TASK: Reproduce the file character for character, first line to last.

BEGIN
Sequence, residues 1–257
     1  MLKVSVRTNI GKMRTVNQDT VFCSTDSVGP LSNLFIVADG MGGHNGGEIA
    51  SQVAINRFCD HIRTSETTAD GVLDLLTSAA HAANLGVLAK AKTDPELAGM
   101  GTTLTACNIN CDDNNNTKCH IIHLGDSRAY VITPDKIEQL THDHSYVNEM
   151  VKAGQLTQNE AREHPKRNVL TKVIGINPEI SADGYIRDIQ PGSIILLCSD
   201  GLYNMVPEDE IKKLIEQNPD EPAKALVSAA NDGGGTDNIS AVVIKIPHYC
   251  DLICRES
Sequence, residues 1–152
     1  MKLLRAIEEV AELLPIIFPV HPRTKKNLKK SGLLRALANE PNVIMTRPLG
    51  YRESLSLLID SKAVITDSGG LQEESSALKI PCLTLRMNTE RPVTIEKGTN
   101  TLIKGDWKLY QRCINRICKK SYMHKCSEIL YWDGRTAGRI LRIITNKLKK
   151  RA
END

Sequence, residues 1–257
     1  MLKVSVRTNI GKMRTVNQDT VFCSTDSVGP LSNLFIVADG MGGHNGGEIA
    51  SQVAINRFCD HIRTSETTAD GVLDLLTSAA HAANLGVLAK AKTDPELAGM
   101  GTTLTACNIN CDDNNNTKCH IIHLGDSRAY VITPDKIEQL THDHSYVNEM
   151  VKAGQLTQNE AREHPKRNVL TKVIGINPEI SADGYIRDIQ PGSIILLCSD
   201  GLYNMVPEDE IKKLIEQNPD EPAKALVSAA NDGGGTDNIS AVVIKIPHYC
   251  DLICRES
Sequence, residues 1–152
     1  MKLLRAIEEV AELLPIIFPV HPRTKKNLKK SGLLRALANE PNVIMTRPLG
    51  YRESLSLLID SKAVITDSGG LQEESSALKI PCLTLRMNTE RPVTIEKGTN
   101  TLIKGDWKLY QRCINRICKK SYMHKCSEIL YWDGRTAGRI LRIITNKLKK
   151  RA